Grace Potter & the Nocturnals / Grace Potter

This Is Somewhere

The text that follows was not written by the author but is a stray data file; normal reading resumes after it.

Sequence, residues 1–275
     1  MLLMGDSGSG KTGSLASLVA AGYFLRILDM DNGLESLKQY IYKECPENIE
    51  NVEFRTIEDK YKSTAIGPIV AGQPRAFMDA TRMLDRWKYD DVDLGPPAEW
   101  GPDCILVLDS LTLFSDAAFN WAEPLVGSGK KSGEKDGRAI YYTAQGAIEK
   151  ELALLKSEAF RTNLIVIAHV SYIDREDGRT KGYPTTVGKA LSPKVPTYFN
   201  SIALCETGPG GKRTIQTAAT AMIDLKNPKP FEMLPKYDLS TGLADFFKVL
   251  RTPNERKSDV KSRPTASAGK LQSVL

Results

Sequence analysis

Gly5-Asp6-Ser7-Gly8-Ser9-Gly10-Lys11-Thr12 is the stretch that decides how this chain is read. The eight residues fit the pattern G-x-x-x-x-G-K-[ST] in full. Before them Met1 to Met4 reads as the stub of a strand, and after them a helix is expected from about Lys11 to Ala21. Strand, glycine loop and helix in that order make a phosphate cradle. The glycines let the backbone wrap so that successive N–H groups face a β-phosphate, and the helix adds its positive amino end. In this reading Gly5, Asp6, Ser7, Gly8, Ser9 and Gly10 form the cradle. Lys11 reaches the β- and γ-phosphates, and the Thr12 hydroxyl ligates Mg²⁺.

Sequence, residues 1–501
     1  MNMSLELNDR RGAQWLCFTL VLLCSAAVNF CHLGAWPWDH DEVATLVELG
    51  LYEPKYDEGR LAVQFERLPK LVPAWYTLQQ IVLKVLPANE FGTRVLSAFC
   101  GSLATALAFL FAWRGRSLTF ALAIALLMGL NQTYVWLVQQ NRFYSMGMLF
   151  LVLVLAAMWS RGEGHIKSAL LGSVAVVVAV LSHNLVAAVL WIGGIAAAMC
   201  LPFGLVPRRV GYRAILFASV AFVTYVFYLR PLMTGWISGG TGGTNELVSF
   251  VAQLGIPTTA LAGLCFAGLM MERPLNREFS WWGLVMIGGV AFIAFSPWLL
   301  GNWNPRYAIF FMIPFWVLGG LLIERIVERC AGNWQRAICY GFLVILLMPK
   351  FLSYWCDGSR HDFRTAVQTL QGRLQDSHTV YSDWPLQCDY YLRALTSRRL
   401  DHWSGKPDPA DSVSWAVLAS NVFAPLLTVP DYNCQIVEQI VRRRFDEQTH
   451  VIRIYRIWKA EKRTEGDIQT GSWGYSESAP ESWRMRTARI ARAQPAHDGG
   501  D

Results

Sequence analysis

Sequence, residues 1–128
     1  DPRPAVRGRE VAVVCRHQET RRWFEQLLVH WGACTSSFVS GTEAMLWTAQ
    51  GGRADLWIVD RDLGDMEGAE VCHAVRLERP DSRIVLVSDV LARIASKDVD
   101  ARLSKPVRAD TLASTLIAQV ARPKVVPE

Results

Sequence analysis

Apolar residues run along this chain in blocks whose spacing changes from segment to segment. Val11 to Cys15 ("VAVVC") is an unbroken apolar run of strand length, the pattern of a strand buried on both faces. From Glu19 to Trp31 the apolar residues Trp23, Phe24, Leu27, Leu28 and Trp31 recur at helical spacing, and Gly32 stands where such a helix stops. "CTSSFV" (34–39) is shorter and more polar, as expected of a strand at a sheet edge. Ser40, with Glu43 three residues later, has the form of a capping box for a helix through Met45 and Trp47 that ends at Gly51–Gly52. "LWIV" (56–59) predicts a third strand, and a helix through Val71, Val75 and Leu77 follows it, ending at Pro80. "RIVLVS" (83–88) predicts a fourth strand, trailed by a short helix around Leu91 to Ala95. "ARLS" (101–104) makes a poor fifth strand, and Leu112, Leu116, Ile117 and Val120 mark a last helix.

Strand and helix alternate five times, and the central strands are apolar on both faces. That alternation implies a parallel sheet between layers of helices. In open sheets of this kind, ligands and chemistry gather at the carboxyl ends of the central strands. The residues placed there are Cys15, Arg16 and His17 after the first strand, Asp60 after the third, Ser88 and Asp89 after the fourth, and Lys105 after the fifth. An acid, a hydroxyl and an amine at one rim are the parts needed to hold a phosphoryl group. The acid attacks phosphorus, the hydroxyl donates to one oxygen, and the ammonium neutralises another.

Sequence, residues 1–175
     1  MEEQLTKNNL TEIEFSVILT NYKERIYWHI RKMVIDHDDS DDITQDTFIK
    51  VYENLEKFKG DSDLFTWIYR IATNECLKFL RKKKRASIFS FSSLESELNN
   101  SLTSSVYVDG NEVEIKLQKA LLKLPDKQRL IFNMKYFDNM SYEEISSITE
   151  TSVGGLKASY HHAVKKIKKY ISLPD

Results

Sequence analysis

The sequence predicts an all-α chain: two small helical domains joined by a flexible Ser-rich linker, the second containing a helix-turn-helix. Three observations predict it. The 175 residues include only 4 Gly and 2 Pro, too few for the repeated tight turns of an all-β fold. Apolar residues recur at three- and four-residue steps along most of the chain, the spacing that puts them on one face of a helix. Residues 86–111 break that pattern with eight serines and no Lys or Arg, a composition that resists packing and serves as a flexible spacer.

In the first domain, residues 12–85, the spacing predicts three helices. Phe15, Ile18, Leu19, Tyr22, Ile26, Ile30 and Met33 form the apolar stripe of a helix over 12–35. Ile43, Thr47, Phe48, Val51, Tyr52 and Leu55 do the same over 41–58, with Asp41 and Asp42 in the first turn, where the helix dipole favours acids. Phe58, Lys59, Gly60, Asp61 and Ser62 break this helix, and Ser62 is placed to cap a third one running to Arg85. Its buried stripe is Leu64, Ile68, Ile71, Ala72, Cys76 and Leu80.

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Grace Potter & the Nocturnals have long been impressing crowds on the jam band, roots rock, and even jazz tour circuits, and now, with a label deal for the very first time in their lives, they finally have the opportunity to reach an even broader audience. Of course, Potter already has a pretty devout following, thanks to her richly expressive voice and the musical talents that she and her bandmembers possess, and these fans shouldn't be disappointed with This Is Somewhere, an album that, while it roots itself firmly in the Southern rock tradition, also flirts with Norah Jones-esque jazz ("Lose Some Time"), horn-driven grooves ("Mastermind"), and even pretty straightforward MOR pop ("Mr. Columbus," which, with its simple melodies and lyrics, is one of the weaker tracks on the record), in doing so creating a solid collection. Not every track here is superb -- the aforementioned "Mr. Columbus," for example, as well as "Mastermind," which is too unsyncopated and forced to pull off the frenzy of saxophones that appears -- but Potter is showing herself to be a very adept songwriter, able to convey witty irony (in "Ah Mary," an almost angry criticism of the U.S.) as well as reflections on death (coming from the perspective of an 84-year-old woman in "Big White Gate") and gentle love ("Stop the Bus") equally skillfully and avoiding many of the lyrical clich├ęs often tied to themes of that sort. Yes, This Is Somewhere is a bit top-heavy, with most of stronger cuts tucked safely into its first half, and sometimes Potter seems to be trying a little too hard (in "Falling or Flying," for example), her Southern accent just a little too affected, but the album is still impressive, with a lot of passion, energy, and soul from a very able group of young musicians.

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